Content Type is set to Auto[detect] by default. The options are AJAX, iFrame, Images, Inline, or Video. The lightbox function is demonstrated on the HotSpots product page.
Effect offers seven options for the image changes.
Next follow the colour options for the Window Shade, Title Fill and Title text.
Toggle will allow your visitor to toggle the annotations on and off to view the main image undisturbed.
Toggle Button and Toggle Fill let you set the colours for said toggle. The instruction text may be freely defined.
Tooltips – the hotspot info that is displayed on hover – may be deactivated.
The hotspots may display an icon which may be an image, or a font awesome icon. Place Icon Bottom Centre does just as it says.
The next eight settings are for the tooltip appearance.
Then finally, you will find the settings for the HotsSpot Global Styling and Mouse Cursor.
Once you have activated your first hotspot, you can click it (a great advantage over previous versions) and check the settings panel again.
The first settings are for the positioning, in percent, from the Left and from the Top of the image.
Then you have the Width, the Height and the Tooltip Position, the HotSpot Link settings, the Title Text and the Content Or Icon.
These settings are all best made in preview mode.
Each of the hotspots can be set to Custom Settings – an override that allows you to set the Background Fill, Borders and the Content settings individually for each HotSpot.
HotSpotsPro 3 is a great improvement over previous versions and well worth taking a look at.
Facebook Pages displays a live facebook page on your RapidWeaver Stacks page, which is great because instead of having to search for your facebook page, your visitor can see your latest posts directly on your homepage without getting distracted by all the cute kittens and clever dog posts. And, he/she can like your page directly from the homepage and/or access the Facebook page directly by clicking the link provided.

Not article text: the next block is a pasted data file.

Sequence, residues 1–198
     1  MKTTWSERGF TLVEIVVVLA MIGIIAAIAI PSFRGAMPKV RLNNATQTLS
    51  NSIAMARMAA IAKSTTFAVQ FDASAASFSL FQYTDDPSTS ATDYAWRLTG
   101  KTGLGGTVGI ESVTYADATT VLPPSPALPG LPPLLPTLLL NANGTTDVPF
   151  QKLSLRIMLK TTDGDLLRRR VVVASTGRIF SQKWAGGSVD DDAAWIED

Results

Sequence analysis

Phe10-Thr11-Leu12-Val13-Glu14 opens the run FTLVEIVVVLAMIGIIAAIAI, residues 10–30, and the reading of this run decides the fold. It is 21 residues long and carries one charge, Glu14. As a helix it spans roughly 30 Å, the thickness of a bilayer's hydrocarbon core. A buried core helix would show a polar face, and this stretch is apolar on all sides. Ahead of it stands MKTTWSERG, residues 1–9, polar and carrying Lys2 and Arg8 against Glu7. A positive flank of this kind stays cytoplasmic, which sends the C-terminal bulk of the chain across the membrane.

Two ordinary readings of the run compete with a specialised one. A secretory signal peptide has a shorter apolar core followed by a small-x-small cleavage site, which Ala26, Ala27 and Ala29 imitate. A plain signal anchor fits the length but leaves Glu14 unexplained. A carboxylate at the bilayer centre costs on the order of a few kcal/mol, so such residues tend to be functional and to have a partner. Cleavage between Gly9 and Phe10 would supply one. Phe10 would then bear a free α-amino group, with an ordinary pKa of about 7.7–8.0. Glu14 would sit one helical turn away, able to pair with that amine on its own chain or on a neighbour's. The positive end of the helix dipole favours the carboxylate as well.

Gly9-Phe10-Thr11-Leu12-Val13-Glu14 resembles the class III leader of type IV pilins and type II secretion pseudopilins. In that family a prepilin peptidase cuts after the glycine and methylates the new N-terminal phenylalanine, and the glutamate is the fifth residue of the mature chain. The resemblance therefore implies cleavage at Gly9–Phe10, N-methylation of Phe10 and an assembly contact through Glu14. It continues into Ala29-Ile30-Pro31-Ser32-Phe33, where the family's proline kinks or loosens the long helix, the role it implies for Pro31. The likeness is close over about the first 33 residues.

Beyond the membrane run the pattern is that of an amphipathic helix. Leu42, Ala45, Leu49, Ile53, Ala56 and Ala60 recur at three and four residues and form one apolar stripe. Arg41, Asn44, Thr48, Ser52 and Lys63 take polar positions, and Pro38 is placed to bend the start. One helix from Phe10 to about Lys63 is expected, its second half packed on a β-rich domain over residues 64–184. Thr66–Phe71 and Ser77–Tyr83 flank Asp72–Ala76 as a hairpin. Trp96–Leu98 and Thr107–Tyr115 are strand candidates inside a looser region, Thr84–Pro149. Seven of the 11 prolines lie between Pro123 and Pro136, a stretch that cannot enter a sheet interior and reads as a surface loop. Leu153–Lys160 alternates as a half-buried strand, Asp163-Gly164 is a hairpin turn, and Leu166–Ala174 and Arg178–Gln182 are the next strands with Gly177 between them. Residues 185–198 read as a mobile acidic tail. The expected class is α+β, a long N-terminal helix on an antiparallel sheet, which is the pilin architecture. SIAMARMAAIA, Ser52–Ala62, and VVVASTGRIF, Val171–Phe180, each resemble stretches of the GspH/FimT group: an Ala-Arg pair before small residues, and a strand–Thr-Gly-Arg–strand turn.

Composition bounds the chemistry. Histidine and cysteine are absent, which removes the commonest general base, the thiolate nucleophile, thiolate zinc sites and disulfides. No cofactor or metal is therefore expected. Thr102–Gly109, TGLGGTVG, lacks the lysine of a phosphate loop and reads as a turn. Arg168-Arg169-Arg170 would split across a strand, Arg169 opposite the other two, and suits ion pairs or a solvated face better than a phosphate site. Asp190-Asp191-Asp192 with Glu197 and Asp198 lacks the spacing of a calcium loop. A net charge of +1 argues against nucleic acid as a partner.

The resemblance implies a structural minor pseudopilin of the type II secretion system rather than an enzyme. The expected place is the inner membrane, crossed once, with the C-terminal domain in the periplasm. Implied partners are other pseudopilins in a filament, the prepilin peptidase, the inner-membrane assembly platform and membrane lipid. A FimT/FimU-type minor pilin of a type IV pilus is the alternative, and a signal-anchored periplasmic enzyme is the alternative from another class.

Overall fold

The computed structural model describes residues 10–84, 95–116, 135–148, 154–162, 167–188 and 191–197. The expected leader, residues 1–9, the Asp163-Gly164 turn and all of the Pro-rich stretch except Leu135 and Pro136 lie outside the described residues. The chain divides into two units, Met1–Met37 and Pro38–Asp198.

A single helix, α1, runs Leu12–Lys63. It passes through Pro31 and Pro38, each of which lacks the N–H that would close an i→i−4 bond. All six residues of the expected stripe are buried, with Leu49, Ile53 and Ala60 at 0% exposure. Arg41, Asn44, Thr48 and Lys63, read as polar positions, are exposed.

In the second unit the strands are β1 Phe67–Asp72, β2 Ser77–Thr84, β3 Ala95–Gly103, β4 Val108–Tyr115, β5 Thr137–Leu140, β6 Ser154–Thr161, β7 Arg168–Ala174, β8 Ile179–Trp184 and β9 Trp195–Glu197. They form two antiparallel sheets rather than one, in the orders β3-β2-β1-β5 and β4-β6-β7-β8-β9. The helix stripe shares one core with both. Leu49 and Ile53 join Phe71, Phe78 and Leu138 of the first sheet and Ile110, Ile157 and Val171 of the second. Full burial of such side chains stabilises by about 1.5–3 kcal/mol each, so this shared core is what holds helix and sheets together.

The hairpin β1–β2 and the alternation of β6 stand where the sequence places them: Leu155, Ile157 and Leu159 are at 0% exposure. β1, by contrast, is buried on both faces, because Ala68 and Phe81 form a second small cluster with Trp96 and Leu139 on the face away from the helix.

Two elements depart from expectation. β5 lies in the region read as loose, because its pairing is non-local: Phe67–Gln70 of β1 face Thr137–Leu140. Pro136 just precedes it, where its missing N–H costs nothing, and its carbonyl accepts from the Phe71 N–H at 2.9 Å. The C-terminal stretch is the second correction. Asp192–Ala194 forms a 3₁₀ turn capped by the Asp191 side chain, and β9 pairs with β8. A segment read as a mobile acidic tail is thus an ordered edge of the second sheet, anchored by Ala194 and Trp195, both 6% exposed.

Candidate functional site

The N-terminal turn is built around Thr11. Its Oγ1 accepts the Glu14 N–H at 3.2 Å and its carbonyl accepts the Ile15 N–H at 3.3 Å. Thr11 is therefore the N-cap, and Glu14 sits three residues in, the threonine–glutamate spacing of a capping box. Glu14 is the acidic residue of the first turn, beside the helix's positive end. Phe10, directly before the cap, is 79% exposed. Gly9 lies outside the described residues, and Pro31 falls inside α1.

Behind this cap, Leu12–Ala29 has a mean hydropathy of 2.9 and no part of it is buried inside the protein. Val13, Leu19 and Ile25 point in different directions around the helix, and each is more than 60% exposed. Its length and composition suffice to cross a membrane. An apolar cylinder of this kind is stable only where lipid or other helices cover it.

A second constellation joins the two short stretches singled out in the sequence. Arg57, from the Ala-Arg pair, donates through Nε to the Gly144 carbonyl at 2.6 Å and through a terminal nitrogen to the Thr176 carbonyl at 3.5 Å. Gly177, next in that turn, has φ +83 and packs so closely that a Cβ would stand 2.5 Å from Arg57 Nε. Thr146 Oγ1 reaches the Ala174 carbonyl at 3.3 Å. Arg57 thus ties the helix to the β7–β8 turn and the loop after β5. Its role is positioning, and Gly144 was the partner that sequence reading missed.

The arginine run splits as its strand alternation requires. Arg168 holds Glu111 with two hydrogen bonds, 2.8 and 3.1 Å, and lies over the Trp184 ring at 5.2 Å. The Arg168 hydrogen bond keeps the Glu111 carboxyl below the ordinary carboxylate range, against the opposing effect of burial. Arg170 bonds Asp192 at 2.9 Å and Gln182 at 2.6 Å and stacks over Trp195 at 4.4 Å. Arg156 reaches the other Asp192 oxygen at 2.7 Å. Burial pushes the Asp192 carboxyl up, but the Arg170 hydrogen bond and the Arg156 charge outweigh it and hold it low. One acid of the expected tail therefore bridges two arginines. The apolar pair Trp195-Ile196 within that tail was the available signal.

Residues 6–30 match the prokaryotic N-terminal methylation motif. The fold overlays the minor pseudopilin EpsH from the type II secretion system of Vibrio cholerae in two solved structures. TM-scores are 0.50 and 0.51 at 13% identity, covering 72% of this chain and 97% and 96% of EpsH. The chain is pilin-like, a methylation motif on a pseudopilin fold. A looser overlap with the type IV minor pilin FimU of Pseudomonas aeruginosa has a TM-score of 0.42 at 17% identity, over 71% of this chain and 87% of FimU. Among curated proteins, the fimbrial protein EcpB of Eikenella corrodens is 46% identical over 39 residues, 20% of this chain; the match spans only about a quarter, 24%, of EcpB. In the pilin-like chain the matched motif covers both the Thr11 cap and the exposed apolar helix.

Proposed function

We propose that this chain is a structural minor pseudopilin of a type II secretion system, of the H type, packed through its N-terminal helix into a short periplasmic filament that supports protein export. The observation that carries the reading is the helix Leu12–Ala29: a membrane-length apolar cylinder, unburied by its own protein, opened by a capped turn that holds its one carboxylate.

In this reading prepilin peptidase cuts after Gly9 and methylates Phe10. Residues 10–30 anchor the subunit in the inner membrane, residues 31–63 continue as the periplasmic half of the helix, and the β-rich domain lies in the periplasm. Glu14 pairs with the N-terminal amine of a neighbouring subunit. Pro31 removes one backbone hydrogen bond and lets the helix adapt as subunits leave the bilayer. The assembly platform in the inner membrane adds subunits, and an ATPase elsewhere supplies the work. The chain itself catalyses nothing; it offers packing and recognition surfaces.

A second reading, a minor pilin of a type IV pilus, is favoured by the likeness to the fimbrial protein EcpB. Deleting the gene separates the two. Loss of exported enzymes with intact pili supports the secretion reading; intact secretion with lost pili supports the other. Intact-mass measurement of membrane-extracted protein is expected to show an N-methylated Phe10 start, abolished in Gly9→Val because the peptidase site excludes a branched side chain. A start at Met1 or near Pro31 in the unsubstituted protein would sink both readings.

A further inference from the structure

I know that a lot of clients are going to like Facebook Pages and the great thing is – it's simple to set up; there are only a few settings, but some of great options. And it updates instantaneously.
The only setting that you need is the name of your facebook page. Finished.
However, you do have some options. You might, for instance, wish to set the Width, Height and Alignment of the stack. A word of warning – don't set the width wider than the container it is in, Facebook Pages is not fully responsive and it can overflow.
Enable Small Header will reduce the height of the page header (active in the screenshot above).
Hide/Cover Header image deactivates the header image and leaves just the page logo visible.
Hide Call To Action Button will hide a CTA button, if you have on your fb page.
Show Facepiles will activate/deactivate the images of those that have liked your page.
Finally, you can decide which page tabs you would like visible within the stack – Timeline, Messages, or Events, or different combinations of each.